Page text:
gestalt

2007.10.06

Douglas Edric Stanley

> source code: gestalt

Gestalt. Soit une contradiction apparente. Les psychologues de la Gestalt parlent du caractère « anisotrope » de l'espace perceptif, c'est-à-dire son caractère fondamentalement non symétrique. Contrairement à l'espace du physicien, l'espace du phénoménologue est plus lourd en bas qu'en haut, plus dense à l'arrière des objets que devant eux, et il diffère qu'il est du côté droit ou du côté gauche. Conçu évidemment à l'image du sujet humain — soumis à la gravité, orienté de face, avantagé à droite — il en constitue une projection, renvoyant au spectateur sa propre image virtuelle comme dans un miroir invisible. Mais les psychologues de la Gestalt parlent aussi de ce même espace de l'expérience comme fondamentalement centré et, par là, comme résolument symétrique puisque la symétrie radiale, constituée à partir d'une rotation multidirectionnelle autour d'un point, est la forme la plus achevée d'équillible spatial. – Yve-Alain Bois, Rosalind Krauss ; L'informe: Mode d'emploi ; 1996 ; pp. 83-4

Depuis l'intérieur de cette danse abstraite réunissant pixels et mouvement une sorte de figure du « Gestalt », puisque les pixels qui bougent sont en réalité disposés selon une orientation. Cette orientation parle à notre physiognomie. Il s'agit d'une des figures les plus rassurants des systèmes réactifs, celle du mirroir (cf. Trash Mirror, Wooden Mirror, Reactive Books, Mirror Mirror).

« Mr Palomar sees a wave rise in the distance, grow, approach, change form and color, fold over itself, break, vanish, and flow again. At this point he could convince himself that he has concluded the operation he had set out to achieve, and he could go away. But it is very difficult to isolate one wave, separating it from the wave immediately following it, which seems to push it and at times overtakes it and sweeps it away; just as it is difficult to separate that one wave from the wave that precedes it and seems to drag it towards the shore, unless it turns against its follower as if to arrest it. Then if you consider the breath of the wave, parallel to the shore, it is hard to decide where the advancing front extends regularly and where it is separated and segmented into independent waves, distinguished by their speed, shape, force, direction. In other words, you cannot observe a wave without bearing in mind the complex features that concur in shaping it and the other equally complex ones that the wave itself originates. These aspects vary constantly, so each wave is different from another wave, even if not immediately adjacent to successive; in other words there are some forms and sequences that are repeated, though irregularly distributed in space and time. » –Italo Calvino, Mr. Palomar, p.3-4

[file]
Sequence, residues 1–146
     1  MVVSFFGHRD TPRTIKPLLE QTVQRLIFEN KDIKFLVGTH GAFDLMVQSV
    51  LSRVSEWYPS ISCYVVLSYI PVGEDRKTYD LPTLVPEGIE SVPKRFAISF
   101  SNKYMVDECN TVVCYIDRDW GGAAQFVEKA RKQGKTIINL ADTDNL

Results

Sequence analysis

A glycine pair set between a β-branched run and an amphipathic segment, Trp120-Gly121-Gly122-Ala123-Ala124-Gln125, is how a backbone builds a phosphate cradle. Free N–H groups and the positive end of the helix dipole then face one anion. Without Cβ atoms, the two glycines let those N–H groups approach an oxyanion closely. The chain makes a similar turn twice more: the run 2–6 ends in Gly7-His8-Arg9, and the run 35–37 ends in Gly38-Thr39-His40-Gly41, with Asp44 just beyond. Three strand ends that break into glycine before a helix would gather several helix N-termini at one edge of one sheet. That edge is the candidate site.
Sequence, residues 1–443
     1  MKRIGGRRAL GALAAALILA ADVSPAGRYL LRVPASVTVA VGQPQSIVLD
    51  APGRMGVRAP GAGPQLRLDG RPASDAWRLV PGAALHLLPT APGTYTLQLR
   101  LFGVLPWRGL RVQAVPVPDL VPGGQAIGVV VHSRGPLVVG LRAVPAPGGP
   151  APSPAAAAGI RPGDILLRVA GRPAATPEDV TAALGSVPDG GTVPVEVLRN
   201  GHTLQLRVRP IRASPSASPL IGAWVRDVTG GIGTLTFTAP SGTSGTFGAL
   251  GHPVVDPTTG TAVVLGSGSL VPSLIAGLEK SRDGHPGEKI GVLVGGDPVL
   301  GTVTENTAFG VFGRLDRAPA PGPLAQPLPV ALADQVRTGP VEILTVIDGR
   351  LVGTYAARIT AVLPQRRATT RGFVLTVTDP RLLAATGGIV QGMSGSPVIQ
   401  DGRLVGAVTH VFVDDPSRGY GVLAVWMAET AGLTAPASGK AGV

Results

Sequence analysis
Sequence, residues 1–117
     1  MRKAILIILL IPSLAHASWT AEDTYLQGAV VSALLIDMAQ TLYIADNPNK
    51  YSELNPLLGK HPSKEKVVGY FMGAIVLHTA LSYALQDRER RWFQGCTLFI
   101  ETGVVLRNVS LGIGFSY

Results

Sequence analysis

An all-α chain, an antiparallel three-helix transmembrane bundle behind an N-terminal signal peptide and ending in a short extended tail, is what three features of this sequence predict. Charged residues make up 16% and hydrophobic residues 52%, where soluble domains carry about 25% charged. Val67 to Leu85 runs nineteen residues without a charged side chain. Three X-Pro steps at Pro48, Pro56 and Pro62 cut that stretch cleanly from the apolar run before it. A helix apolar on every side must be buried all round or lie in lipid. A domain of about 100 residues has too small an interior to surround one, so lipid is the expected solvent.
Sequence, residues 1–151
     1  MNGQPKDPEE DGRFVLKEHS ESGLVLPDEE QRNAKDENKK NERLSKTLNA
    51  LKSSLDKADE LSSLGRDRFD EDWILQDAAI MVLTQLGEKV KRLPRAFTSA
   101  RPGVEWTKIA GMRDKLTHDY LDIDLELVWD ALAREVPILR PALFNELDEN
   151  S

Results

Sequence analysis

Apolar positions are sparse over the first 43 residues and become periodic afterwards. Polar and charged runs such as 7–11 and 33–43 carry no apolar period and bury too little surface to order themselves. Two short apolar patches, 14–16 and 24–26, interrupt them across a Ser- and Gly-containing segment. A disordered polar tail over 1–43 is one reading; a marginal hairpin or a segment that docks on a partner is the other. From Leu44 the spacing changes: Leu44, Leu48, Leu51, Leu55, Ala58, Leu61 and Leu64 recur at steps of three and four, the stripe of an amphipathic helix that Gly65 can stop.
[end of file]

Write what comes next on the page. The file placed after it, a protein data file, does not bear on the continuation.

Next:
« [A]t each moment he thinks he has managed to see everything to be seen from his observation-point, [...] something always crops up that he had not borne in mind. If it were not for his impatience to reach a complete, definitive conclusion of his visual operation, looking at waves would be a very restful exercise for him and could save him from neurasthenia, heart attack, and gastric ulcer. And it could perhaps be the key to mastering the world’s complexity by reducing it to the simplest mechanism. [...] Only if he manages to bear all the aspects in mind at once can he begin the second phase of the operation: extending this knowledge to the enitre universe. It would suffice not to lose patience, as he soon does. Mr Palomar goes off along the beach, tense and nervous as when he came, and even more unsure about everything. » –Italo Calvino, Mr. Palomar, p.5-7